I originally wrote this article as a guest post on MindTheProduct.com
A failed launch is a terrible situation in which your product starts breaking or misbehaving as soon as it is launched into production. You and your team have spent the past few months planning and executing the requirements, but the day you launch to production, something goes wrong.
Users can’t access the software. Errors appear all over the place. The site is non-responsive. Etc. And this is all happening while your marketing team is working at full steam letting the world know about your brand new product release. Indeed, this is a Product Manager’s worst nightmare.
So as a Product Manager, what can you do to mitigate these risks? In this post, I share some of the precautions you can take to minimize the risk of a failed launch. With strategy, planning, hard work, and a bit of good luck, you can avoid these failed situations.
Define an MVP That Fits Realistically into Your Timeframe
In any product release, no matter how low or high the stakes, it is very important to have a clear understanding of the requirements and to propose an MVP (minimum viable product) that is doable within that timeframe.
Overall, it’s better to release something that has limited functionality but is very stable than to release extra bells and whistles at the expense of reliability.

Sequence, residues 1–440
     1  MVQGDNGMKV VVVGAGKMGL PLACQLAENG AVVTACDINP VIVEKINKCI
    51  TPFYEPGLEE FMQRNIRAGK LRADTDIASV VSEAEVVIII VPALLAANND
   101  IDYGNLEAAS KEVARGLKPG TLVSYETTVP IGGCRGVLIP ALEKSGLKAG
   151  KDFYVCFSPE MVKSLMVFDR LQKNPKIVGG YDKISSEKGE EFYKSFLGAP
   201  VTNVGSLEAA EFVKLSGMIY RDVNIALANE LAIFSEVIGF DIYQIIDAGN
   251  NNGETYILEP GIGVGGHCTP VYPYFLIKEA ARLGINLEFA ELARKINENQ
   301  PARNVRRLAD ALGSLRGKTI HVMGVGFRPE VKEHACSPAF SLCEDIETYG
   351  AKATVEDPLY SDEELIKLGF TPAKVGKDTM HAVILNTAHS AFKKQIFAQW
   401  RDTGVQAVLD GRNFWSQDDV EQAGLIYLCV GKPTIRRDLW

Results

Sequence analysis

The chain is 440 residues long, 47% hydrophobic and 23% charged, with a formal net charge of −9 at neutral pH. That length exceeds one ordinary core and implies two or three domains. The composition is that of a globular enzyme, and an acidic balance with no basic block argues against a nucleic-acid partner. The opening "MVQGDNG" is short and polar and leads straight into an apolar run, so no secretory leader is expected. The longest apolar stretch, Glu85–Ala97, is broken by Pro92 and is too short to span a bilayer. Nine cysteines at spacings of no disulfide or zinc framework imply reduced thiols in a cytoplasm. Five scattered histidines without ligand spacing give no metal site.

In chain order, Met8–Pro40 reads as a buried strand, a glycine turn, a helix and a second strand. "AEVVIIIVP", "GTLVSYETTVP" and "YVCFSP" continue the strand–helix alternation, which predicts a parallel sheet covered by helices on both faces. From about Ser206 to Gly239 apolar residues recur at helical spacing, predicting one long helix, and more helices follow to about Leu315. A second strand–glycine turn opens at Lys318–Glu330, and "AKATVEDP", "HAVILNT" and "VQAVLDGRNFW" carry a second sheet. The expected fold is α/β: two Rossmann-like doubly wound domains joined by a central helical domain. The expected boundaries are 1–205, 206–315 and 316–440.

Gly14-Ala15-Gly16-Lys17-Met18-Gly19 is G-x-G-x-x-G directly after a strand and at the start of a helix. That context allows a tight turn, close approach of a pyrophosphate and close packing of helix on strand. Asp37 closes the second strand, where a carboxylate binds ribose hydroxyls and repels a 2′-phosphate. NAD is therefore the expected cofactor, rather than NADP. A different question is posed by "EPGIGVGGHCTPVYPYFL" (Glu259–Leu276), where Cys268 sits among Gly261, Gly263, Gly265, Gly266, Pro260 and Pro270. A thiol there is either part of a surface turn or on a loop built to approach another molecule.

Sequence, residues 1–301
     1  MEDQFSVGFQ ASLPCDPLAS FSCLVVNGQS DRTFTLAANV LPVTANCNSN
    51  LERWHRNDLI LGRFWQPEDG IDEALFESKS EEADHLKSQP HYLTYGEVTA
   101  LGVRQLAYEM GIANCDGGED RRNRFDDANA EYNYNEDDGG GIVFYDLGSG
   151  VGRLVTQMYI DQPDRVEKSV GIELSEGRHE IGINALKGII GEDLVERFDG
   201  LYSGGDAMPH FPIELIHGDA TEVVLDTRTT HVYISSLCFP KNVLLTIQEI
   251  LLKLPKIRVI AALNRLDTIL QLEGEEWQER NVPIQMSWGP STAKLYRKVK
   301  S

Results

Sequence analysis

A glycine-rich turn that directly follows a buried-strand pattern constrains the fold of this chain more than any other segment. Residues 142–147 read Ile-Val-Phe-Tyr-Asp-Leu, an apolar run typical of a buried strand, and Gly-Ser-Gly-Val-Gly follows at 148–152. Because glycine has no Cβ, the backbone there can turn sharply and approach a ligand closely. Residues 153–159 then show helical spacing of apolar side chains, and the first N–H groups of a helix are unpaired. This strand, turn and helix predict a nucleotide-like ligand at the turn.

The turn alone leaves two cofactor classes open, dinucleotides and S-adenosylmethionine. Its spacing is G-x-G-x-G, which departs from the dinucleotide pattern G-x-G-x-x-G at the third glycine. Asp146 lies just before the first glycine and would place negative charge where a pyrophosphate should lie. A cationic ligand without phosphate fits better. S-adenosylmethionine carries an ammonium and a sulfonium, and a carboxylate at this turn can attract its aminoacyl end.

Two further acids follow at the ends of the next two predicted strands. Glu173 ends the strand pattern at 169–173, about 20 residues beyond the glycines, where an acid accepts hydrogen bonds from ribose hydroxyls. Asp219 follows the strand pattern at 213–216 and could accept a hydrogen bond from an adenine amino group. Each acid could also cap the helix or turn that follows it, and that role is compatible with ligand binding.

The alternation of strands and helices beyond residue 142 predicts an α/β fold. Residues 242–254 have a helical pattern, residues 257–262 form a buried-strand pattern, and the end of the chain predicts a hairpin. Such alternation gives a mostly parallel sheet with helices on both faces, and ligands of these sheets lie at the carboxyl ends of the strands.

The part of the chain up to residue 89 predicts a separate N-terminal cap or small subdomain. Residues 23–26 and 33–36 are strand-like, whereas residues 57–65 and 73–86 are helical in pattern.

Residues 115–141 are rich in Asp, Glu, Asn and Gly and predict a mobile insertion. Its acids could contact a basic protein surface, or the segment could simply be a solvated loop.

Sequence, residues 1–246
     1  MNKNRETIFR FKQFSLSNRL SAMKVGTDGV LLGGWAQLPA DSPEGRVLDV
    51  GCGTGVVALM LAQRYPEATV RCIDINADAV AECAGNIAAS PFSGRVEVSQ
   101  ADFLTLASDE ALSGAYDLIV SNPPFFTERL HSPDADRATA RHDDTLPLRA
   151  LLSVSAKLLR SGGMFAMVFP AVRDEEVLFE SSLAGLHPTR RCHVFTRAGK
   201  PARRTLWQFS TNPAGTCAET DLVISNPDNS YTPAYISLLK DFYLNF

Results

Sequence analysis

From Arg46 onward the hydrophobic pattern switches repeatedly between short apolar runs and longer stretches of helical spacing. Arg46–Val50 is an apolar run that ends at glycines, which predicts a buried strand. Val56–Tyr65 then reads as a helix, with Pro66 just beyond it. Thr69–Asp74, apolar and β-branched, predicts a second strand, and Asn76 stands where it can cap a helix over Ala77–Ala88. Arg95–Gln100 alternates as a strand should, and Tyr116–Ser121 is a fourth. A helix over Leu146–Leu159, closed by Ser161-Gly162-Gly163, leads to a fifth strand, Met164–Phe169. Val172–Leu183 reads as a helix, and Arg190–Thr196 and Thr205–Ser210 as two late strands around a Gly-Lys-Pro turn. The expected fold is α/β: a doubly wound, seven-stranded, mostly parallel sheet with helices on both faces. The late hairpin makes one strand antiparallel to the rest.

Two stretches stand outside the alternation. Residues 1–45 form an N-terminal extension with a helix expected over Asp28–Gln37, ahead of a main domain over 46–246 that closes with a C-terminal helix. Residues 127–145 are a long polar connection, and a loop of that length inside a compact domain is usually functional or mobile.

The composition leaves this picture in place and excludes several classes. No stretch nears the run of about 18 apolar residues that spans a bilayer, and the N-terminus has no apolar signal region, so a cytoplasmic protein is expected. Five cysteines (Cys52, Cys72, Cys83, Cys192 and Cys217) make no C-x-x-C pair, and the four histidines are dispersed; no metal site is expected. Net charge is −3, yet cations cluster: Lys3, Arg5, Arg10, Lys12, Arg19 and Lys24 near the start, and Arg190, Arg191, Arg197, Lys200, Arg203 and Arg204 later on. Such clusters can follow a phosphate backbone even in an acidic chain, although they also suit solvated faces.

Remember that software is always a work in progress. The only certainty after a successful “version 1.0” release party is that the following Monday, you’re back to work on version 1.1.
Related article: The Simple Rule for Feature Prioritization
Be Realistic About Your Team’s Capabilities
As you create the product roadmap and pitch it to executives, it is important to be honest about the capabilities of your team. We often fall prey to the “halo effect” and believe that since we have a great team of back-end developers, they can tackle any other area, such as mobile, UI, etc. However, software disciplines are very specialized these days. For example, in SaaS software teams, it’s common to find specialists for services, databases, networking, front-end, security, mobile, etc.